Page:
By Matthew Davis
BBC News, Washington
There are increasing signs that US motorists are changing their driving habits in the face of record prices at the fuel pumps.
There may be little sympathy in Europe, but US drivers are feeling the pinch
While the US love affair with the motor car is far from over, consumer dismay has greeted the latest predictions that the average price of petrol will hit $2.35-a-gallon during the peak summer driving season.
That is cheap fuel by European standards, but represents a substantial spike in the US, where motorists were paying some 40 cents less last summer.
Sales of gas-hungry sport utility vehicles and pick-ups are stalling, while drivers are taking drastic steps to cut down on expenses.
Brad Proctor, founder of Gaspricewatch.com reports a surge in price spotters for the site, which records prices at 128,000 gas stations to help consumers.
"We are a nation that drives a lot. When prices go up by 25 cents in 30 days, it hits business and consumers hard."
'Changes in driving'
The price spike is fuelled by the rising cost of crude oil, which makes up about half the cost of retail petrol in the US.
"Taxi firms and pizza deliveries are now charging surcharges to cover gas costs," said Proctor.
"We are seeing changes in the way people are driving, what cars they are using. Families are leaving the big, gas-guzzling SUV at home and taking their second car for short trips."
Jay McIntosh, director of retail and consumer products at Ernst & Young, said "lower income earners" were most vulnerable.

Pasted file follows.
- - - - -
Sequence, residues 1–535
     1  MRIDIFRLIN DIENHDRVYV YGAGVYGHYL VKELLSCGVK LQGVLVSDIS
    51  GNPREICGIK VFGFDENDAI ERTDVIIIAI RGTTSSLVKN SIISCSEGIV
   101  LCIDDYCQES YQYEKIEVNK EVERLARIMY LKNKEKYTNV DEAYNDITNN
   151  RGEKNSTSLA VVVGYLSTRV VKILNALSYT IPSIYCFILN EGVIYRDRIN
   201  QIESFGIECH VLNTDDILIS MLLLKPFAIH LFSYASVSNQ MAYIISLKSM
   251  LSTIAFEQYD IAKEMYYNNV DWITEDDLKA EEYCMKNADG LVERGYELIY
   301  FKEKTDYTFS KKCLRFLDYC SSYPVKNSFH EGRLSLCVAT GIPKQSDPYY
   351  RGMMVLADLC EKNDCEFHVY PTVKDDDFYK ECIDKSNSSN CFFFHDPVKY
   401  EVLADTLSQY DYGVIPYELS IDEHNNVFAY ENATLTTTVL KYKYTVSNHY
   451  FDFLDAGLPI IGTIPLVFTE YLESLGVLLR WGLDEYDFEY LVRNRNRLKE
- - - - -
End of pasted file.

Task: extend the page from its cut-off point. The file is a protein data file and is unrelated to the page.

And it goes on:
"In the longer term I think we'll see some inflationary pricing at retail on many imported items like clothing and household goods," he told the BBC.
AT THE PUMPS
Highest gas price in the US is $2.99 per gallon, in San Francisco, California
Lowest is $1.96 in Evanston, Wyoming
UK drivers pay equivalent of $6.10 per gallon
A majority of Americans say gas prices are causing financial hardship, according to a recent CNN/USA Today poll of 1,040 adults.
Fifteen percent of respondents said the price of gas was causing them "serious hardship" jeopardising their standard of living, while 43% described "moderate hardship".
Forty-eight percent said gas prices had caused them to cut back on their driving.
But demand grows
Despite high prices, demand is expected to continue to rise due in part to the increasing number of drivers and vehicles on the roads.
The US Energy Information Administration says demand this summer will rise 1.8% from last summer, helping push pump prices to a peak average of $2.35 a gallon in May.
Lynn Franco, head of consumer research at The Conference Board, warned:
"If we have several months of significantly higher prices then that is when we could see a marked impact in terms of consumer confidence."
For those on tight margins, the solution is to drive less.
Washington DC cabbie Daryl Smith said: "I'm not taking long fares as I lose out on the return trip.
"In fact, I'm not cruising for fares now - I'm parking in the good spots."